When Ladies of a Certain Age Ride Colts Part 2
This is the second in a two-part series When Ladies of a Certain Age Ride Colts is the first article.
So one might ask why a woman of my age has only ridden young stock since she climbed back into the saddle again after so many years? I ask myself that question and my answer is always that it’s the joy of the change, the personal challenge, the consistent improvement with each new two-year-old prospect I take on; ultimately it’s the trust that builds between us.
There was my first colt, a weanling Appaloosa I bought at an auction; “Arbors of Ivy”, who’s now a trusted therapy horse carrying disabled children and adults that truly need him. Then there was “Remulak”, a kind gray Arab colt. These days he makes his living as a 4H club horse. But not all of my challenges have been so successful, there was sad little “Frank’s Money”, a scared, terribly mistreated young thoroughbred who I never did get started under saddle.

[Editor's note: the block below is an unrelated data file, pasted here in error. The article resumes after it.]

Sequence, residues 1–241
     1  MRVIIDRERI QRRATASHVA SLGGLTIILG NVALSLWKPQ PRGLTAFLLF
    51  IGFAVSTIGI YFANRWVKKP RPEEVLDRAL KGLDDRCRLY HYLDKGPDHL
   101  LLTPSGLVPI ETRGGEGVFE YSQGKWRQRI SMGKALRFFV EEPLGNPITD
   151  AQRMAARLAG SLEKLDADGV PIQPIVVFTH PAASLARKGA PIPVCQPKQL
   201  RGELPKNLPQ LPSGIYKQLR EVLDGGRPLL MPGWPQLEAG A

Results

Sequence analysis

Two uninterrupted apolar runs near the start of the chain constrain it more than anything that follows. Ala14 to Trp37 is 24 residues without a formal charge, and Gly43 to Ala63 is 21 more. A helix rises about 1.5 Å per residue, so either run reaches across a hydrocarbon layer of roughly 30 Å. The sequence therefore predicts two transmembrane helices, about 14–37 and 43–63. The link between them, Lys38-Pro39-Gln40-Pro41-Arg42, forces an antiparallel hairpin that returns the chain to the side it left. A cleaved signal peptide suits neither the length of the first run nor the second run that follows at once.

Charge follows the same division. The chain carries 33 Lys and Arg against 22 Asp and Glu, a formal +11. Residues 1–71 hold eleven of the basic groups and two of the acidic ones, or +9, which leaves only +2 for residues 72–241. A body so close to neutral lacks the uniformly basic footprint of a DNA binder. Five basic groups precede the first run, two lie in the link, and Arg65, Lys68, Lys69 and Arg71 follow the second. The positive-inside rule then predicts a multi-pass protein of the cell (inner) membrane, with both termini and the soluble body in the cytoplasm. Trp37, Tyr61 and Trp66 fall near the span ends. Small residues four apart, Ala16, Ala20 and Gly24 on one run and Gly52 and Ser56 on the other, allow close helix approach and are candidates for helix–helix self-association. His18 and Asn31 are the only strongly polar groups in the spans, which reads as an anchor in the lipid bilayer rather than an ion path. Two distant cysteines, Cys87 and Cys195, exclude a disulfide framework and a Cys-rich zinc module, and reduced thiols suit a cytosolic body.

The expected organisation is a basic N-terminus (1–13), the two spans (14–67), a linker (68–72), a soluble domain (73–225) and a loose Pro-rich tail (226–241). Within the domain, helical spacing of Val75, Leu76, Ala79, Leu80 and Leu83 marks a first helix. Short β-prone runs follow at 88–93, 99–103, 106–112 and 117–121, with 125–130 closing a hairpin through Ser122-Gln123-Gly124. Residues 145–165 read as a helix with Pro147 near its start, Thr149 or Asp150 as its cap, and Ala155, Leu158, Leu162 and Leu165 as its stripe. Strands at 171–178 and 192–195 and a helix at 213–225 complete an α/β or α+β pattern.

Then there was wonderful “Tuff Enuff” a truly fine, Colorado Ranger bred leopard appaloosa who taught me so much. He’s now a working ranch horse on one of Florida’s oldest cattle operations and gets homemade carrot cake for his birthday. All of this sounds great but riding colts comes with risk; one is always reminded to not be too prideful so here’s what happened next…
All around my small ranch here in Florida, near the self-proclaimed “Fern Capital of the World”, we have horse-flesh eating shade cloth everywhere. Shade cloth is used by fern growers here to shade their crop. There’s always a surplus of this stuff lying around. Resourceful Florida cattlemen will often use this rough synthetic fabric to bolster up their arenas and cattle holding pens.